Lookin' Good, So Far
The Marine Corps concluded its first operational assessment of
its newest attack and utility helicopters, the AH-1Z SuperCobra and
the UH-1Y Huey, March 27, at Patuxent River (MD).
operational assessment, which began February 12, was conducted by
25 enlisted Marines and four officers, all of whom are assigned to
the H-1 Operational Test Team there; and they fall under the
operational control of VX-9 at China Lake (CA).
"The actual purpose of this assessment is to determine if these
aircraft are potentially operationally effective," explained Maj.
Harry Hewson, PMA-276 (H-1 helicopter program) deputy program
manager for operations at 'Pax River,' "but this is not a
full-blown operational evaluation; it's merely an initial look by
Fleet pilots. These aircraft are still in the developmental phase
and we want the operational test team guys to tell us if we're on
the right track. We're confident they'll tell us we are."
From Patuxent, the aircraft flew missions to Quantico (VA), New
River (NC), and the Aberdeen (MD) Proving Ground.
The missions, which totaled 12.7 flight hours in UH-1Y-1 and
11.8 hours in AH-1Z-3, were reconnaissance team insertion and
extraction (simulated), aerial reconnaissance, airborne forward air
control and escort (for the Yankee) and armed reconnaissance, air
interdiction, close air support (simulated), forward air control
and escort (for the Zulu).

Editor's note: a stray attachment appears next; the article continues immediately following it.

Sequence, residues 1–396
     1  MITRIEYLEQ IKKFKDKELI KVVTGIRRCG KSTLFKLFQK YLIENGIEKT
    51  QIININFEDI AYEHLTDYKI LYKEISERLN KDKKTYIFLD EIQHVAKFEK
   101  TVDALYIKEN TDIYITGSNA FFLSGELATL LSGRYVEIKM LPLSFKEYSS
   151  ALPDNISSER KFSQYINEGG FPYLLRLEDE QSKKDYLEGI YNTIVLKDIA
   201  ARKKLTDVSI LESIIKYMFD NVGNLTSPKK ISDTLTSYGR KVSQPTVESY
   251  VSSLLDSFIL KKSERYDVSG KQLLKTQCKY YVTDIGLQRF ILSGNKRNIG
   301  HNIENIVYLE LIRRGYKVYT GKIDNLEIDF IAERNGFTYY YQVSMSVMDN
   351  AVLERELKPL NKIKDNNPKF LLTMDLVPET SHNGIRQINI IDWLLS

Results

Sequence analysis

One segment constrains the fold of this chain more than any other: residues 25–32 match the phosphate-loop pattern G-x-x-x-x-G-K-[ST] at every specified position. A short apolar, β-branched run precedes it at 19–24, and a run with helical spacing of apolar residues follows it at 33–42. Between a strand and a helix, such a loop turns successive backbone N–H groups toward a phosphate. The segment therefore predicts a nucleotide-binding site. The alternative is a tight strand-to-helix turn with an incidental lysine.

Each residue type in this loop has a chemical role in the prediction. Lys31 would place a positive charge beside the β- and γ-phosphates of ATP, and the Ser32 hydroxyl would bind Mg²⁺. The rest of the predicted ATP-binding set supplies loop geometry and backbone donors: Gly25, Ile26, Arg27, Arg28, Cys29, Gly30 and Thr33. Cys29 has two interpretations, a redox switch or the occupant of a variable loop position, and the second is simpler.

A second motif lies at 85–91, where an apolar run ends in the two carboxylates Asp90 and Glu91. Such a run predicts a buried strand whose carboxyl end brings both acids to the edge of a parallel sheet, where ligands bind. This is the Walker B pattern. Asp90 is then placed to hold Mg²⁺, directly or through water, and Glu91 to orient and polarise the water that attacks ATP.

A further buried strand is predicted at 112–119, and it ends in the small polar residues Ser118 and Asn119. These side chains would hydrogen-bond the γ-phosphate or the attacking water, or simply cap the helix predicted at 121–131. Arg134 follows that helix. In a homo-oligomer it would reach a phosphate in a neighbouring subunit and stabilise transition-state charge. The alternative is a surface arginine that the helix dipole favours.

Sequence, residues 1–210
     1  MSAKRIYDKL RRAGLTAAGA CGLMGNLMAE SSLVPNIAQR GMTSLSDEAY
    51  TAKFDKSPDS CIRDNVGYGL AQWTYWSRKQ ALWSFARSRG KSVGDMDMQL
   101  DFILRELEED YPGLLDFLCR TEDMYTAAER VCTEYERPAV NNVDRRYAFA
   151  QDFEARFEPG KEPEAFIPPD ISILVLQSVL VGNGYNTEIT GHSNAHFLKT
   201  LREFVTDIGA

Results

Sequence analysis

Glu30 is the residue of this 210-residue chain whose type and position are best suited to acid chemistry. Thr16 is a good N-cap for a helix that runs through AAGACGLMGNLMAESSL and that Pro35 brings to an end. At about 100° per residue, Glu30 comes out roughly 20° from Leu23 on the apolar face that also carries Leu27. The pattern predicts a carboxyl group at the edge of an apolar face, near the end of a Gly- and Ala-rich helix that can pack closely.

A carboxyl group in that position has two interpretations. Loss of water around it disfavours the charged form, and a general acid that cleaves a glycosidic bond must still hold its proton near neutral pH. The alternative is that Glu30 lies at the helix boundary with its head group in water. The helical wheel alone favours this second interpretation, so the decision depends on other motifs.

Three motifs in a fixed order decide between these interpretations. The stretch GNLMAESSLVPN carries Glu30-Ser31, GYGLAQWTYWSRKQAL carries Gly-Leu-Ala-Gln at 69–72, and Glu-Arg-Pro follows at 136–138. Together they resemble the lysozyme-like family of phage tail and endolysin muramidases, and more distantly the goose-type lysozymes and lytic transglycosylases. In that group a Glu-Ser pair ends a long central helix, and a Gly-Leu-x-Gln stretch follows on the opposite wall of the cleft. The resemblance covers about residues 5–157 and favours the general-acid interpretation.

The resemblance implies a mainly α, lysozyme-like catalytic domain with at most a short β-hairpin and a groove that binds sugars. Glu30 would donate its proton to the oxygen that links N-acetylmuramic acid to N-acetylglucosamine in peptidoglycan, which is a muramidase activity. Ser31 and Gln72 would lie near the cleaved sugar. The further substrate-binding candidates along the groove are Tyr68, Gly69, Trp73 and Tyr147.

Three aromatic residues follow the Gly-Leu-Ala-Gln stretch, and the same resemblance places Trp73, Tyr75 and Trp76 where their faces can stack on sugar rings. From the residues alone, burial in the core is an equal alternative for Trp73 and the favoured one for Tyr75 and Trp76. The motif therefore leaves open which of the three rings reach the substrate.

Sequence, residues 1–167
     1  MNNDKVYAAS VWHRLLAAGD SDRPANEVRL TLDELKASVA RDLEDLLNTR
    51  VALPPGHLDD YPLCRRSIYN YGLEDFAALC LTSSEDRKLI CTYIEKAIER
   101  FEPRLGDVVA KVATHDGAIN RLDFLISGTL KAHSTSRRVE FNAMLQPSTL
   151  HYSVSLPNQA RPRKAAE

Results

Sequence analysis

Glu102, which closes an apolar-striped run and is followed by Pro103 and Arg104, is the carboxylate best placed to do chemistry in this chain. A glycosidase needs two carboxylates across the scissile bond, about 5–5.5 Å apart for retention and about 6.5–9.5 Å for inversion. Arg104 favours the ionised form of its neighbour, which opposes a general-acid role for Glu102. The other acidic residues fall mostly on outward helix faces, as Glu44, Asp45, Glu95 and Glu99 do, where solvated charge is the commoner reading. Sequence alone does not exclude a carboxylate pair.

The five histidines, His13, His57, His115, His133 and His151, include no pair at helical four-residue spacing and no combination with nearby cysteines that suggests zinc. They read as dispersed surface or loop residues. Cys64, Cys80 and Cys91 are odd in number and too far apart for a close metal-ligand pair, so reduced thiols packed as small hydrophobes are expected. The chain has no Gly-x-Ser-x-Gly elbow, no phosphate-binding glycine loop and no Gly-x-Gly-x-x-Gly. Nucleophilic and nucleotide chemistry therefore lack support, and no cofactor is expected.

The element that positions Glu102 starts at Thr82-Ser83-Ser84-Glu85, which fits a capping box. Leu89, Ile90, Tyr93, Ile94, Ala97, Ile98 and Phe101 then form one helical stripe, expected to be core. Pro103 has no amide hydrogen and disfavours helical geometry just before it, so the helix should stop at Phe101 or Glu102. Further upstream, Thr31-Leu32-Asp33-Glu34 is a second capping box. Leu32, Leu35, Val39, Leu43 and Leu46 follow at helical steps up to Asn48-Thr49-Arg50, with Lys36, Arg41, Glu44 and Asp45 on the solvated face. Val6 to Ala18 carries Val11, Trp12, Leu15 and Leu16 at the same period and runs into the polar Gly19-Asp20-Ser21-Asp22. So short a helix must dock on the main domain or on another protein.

Developmental testing continued around the assessment and,
combined with the assessment, brought flight time totals for the
H-1 Upgrades Program here to 571 hours for the AH-1Z and 318 hours
for the UH-1Y.
is an important milestone for the program," stated Col. Doug
Isleib, PMA-276 program manager. "This is the first time the
fleet guys will get an operational look at these aircraft. Besides
getting an indication of whether or not we're potentially
operationally effective, we need to get a
fresh and different perspective from the Fleet."
Aside from that fresh perspective, the operational assessment
marked an important milestone for the new helicopters, according to
Isleib. "This is a key element in getting to our first Defense
Acquisition Board, which, in turn, will get these aircraft into
production and out to the Fleet where they're needed," he
The Operational Test Team's findings, a critical element for the
August DAB, are expected to be released in July, according to
[Thanks to John C. Milliman, PMA-276 Public Affairs Officer